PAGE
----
I think it is perfectly reasonable for you to expect to be able to use your illustrations for promotional purposes as soon as the exhibit is live. In fact, if the exhibit is slated to open, say, 9 months after you sign the contract, I would suggest you included language about being able to use your images for promotional purposes "12 months from the date of the contract or when the exhibit opens, whichever comes first." (or something along those lines -- to protect yourself in the event of significant delays).

Because you are signing the contract with a project management company and not the botanical garden, it may be especially important to include language in the contract providing for financial penalties for late payments and for neglecting to credit you for your work in the exhibit. Something like:

"In the event that Client omits the credit line, Client agrees to pay an additional fifty percent of the total fee OR to remedy the omission within a reasonable timeframe."

The fact that your contract negotiations are taking a long time may mean you have more power than you otherwise might. Your clients may not want to start from scratch with another artist since there are deadlines to meet, so they might be more inclined to accept your (reasonable) demands.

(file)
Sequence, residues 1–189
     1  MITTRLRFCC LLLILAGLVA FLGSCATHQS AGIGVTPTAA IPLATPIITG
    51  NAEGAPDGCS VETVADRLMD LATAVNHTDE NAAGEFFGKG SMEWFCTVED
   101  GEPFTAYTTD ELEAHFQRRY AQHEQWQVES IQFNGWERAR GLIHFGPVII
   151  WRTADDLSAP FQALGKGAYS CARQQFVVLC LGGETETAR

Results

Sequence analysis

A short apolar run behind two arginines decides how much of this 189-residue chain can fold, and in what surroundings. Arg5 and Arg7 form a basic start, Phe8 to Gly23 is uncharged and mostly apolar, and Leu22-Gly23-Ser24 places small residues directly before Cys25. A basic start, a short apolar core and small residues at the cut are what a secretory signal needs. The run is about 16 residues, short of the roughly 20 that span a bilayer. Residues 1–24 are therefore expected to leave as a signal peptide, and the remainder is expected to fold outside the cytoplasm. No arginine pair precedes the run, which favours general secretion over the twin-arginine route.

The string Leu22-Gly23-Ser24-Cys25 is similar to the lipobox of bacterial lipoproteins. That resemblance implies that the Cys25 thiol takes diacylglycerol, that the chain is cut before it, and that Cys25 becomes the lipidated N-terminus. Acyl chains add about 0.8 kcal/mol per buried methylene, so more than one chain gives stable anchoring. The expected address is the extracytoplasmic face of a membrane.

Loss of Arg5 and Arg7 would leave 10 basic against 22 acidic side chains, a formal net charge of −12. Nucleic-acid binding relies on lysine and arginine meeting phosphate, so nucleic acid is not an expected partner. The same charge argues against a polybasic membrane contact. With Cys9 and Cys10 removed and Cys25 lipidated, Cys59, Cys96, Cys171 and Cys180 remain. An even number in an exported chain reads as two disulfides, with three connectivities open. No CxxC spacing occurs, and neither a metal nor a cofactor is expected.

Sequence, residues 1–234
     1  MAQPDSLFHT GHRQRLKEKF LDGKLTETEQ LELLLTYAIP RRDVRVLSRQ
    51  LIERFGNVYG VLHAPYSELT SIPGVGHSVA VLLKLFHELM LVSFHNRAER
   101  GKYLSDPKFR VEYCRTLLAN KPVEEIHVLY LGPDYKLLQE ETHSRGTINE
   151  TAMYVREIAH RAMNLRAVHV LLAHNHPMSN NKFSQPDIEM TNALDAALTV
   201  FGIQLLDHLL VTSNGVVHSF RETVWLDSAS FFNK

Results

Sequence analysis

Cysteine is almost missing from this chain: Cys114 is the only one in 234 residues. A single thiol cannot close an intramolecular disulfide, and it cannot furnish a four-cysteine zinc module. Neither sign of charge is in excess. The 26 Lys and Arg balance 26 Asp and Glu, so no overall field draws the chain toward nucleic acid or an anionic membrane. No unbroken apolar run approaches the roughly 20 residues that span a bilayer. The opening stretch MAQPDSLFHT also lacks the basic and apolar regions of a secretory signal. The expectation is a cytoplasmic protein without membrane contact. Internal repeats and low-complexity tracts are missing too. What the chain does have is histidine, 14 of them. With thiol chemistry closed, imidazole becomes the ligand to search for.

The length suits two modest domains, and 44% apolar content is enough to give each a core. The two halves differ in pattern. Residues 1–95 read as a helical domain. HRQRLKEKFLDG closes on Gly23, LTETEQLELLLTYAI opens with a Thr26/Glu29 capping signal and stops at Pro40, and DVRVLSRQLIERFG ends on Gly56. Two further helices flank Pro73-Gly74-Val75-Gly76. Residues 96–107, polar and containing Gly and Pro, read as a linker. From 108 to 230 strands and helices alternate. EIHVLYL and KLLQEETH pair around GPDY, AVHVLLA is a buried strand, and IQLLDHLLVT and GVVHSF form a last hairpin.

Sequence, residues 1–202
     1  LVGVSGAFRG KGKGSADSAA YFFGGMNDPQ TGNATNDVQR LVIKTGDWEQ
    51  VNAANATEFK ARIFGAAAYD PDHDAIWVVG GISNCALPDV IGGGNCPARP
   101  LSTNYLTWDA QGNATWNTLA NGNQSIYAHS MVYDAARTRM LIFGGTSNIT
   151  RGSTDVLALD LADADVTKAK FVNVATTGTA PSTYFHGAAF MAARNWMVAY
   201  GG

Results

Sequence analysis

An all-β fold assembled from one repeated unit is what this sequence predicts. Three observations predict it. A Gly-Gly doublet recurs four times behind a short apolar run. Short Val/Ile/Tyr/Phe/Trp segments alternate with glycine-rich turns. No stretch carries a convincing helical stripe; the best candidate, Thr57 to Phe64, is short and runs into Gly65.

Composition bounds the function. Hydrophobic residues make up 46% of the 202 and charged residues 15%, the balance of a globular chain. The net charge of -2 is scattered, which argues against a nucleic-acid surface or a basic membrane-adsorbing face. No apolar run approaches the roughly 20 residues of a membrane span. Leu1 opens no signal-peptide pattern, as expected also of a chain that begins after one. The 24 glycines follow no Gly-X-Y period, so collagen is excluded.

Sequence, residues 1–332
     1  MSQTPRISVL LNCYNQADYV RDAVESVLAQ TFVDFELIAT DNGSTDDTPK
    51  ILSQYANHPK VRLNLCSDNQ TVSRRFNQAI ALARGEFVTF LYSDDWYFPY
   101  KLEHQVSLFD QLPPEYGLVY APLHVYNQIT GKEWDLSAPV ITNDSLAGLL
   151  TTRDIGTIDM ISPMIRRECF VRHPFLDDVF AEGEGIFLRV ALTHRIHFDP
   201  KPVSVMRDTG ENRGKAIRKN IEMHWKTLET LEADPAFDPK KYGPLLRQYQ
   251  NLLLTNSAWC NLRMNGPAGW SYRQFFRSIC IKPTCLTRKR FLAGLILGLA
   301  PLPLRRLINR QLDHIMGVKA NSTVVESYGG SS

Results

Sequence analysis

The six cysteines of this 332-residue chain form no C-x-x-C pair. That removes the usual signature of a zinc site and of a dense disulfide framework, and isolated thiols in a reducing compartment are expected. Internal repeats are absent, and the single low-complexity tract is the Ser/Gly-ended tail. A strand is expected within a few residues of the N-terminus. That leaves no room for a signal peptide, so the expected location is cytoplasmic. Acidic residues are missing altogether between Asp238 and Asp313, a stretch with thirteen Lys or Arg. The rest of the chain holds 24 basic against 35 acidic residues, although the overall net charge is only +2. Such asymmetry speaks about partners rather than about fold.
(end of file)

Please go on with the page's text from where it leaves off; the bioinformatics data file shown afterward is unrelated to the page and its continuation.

Emily S. Damstra
natural science illustration
Waterloo, Ontario
(519) 616-3654
[log in to unmask]

On Mon, Jul 15, 2013 at 11:46 PM, Natalya Zahn <[log in to unmask]> wrote:

*How do you all handle the portion of the contract that deals with "Announcements/Promotions/Sharing"? I'm fine with not broadcasting work that isn't complete, but when it IS complete - and the exhibit live to the public - I'd like the ability to announce the project on my blog, or post images in my personal online portfolio. As it stands, the contract verbiage lumps that kind of action under - "NO SHARING OR POSTING, unless you get the institution's written consent". Is that normal?


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